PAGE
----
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The Rejuvenation of the Fez River

Traditionally known as 'Oued Al Jawahir' (River of Jewels), the Fez River runs through the heart of the city's ancient Medina – a large medieval pedestrian urban area listed as a UNESCO World Heritage site for its cultural and historical value. As the urban area grew, the river became polluted with chemicals from tanneries and other craft workshops, as well as sewage from the growing population. Eventually city authorities started covering the polluted river with slabs of concrete, creating open spaces that became rubbish dumps. Today, primarily thanks to the efforts of Moroccan architect and engineer Aziza Chaouni, the river has been uncovered again and the areas around it are being turned into open, eco-friendly public spaces for the enjoyment of both locals and visitors to the Imperial City of Fez.

Born and raised in Fez, Chaouni was studying at Harvard when she decided to make the regeneration of the Fez River, an issue close to her heart, the subject of her thesis. In 2007 the city implemented a project to divert and treat sewage from the Medina, making clean water in the river a possibility. Chaouni and her partner, Takako Tajima, won the 2009 Global Holcim Gold Award for their proposed recovery of the River Fez. The project includes the creation of a pedestrian plaza, a playground and a botanical garden. Their main strategies were to use targeted interventions to enhance water quality; clean up contaminated sites; create open spaces; and to promote economic development by building on existing resources.

Enhancing water quality in the river had to start upstream, and recommended measures included constructed wetlands, canal and bank restoration, and storm-water retention ponds. With construction still ongoing in the medina and artisans reportedly still polluting parts of the river and its banks in some places, biodiversity within the medina has not shown much change. However, downstream there are noticeable improvements and Chaouni is confident that improvements will take place in the Medina in time.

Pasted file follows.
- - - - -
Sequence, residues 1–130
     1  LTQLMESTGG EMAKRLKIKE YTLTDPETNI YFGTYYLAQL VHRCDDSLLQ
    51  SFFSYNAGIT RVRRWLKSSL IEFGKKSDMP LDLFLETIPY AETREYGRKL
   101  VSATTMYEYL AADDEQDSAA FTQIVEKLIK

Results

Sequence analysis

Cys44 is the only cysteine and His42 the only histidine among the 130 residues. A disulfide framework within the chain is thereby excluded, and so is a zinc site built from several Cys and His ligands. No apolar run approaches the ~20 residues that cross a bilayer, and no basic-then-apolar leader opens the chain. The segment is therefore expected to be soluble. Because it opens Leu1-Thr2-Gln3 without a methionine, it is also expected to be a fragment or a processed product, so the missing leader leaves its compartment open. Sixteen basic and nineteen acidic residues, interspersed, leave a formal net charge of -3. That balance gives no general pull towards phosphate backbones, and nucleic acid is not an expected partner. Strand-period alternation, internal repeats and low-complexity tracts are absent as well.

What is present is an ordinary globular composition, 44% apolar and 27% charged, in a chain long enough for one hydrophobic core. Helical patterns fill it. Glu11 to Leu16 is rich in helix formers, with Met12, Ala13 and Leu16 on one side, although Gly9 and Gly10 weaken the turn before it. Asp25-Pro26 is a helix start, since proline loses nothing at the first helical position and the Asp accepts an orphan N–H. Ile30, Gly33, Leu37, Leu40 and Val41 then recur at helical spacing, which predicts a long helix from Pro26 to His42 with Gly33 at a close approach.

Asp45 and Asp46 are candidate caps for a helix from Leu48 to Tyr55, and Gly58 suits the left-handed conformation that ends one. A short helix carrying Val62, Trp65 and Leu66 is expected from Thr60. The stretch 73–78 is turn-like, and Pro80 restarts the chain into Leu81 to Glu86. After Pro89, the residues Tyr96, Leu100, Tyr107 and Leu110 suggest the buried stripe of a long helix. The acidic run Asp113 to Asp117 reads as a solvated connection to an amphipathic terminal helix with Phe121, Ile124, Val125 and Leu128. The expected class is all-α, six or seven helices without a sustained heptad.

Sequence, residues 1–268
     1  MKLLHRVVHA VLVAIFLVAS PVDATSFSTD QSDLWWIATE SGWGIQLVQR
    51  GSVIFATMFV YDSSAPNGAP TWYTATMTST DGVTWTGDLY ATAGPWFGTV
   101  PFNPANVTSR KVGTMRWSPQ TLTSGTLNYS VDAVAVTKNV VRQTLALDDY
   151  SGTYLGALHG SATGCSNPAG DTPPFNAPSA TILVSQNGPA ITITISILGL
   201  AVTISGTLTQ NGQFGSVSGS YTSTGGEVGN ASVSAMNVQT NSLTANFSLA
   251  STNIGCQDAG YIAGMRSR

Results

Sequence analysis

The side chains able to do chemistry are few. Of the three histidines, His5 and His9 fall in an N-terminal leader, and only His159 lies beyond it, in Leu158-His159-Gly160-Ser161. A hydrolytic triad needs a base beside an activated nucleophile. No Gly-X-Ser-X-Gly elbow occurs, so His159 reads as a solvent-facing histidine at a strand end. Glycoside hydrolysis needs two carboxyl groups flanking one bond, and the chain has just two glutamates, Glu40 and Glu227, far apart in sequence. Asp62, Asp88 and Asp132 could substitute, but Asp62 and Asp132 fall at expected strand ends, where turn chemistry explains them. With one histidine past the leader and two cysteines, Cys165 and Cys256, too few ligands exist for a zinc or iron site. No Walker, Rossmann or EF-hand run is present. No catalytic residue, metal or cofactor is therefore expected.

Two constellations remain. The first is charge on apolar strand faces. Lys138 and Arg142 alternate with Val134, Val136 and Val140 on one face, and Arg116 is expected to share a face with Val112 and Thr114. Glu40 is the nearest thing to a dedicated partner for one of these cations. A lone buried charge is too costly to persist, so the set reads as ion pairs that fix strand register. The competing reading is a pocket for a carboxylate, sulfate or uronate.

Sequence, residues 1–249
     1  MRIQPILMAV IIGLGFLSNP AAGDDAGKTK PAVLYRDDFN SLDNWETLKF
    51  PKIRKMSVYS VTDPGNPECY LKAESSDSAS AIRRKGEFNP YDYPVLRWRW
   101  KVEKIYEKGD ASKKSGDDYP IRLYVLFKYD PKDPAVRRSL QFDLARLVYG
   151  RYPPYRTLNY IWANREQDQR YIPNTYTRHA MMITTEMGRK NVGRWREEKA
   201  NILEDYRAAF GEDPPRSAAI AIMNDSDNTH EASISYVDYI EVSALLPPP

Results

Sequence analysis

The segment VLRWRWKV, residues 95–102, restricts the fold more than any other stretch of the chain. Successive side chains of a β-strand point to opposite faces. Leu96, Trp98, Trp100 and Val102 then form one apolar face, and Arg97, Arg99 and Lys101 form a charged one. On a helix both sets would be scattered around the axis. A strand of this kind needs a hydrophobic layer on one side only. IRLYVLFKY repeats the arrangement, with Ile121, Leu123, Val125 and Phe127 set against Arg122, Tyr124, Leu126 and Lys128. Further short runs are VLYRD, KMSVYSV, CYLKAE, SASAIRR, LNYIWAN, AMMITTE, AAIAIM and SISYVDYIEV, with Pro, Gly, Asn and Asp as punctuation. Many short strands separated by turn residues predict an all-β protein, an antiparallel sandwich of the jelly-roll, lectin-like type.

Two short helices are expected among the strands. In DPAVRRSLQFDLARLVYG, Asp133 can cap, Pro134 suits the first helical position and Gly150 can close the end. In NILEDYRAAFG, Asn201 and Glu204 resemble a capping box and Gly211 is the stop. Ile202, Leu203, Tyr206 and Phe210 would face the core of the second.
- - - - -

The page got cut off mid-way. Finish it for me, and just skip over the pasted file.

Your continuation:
The el-Rcif Plaza, which is still under construction, is already being used by the residents of the Medina. Trees have been planted and amphitheater style seating offers a place to sit and relax. The river banks will be transformed into pedestrian areas linked to the network of pathways of the Medina. There is still much work to be done, but the river is open again and beneficial changes are taking place in this historic Moroccan city.

In March 2014, Aziza Chaouni recounted her efforts to restore the Fez River in a TED talk which has been viewed by more than 340,000 people on the internet as it tells the tale of what can be achieved with vision and determination.

Features

Wildlife of Tazekka National Park

Located near the city of Taza in Morocco's Middle Atlas mountain range, Tazekka National Park has varied terrain offering habitats to a wide range of reptiles, amphibians, birds and mammals, with the latter including the rare Barbary deer (Cervus elaphus barbarous). Also known as the Atlas deer, the Barbary deer was once extinct in Morocco, but was reintroduced into Tazekka National Park through a Moroccan-German collaboration launched in 1994. Initially two males and six females were transported from Tunisia to Tazekka where they were allocated a reserve of 1.5 hectares. Unfortunately, two of the females died upon arrival, but the remaining animals appeared in good health and in 1995, ten Barbary deer were counted in the reserve. More recently up to seventy deer have been observed in an area of around five hundred hectares within the park.

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Features

Morocco's Imperial Cities: Rabat

Founded in the 12th century by the Almohad caliph Yaqub al-Mansur, Rabat was designated in the 18th century as one of Morocco's four Imperial Cities by the Alaouite sultan Muhammad ibn Abdallah. The other three imperial cities are Meknés, Marrakech and Fez. Today, Rabat is Morocco's second largest city, serves as the country's capital and hosts all foreign embassies. Located at the mouth of the Bou Regreg River on the Atlantic Ocean, Rabat has merged with neighboring Temara and Salé to form a conurbation which is home to more than 1.8 million people. Listed as a UNESCO World Heritage site, Rabat presents an interesting blend of old and new, and visitors will find a busy, modern city with several historical and cultural attractions to explore.

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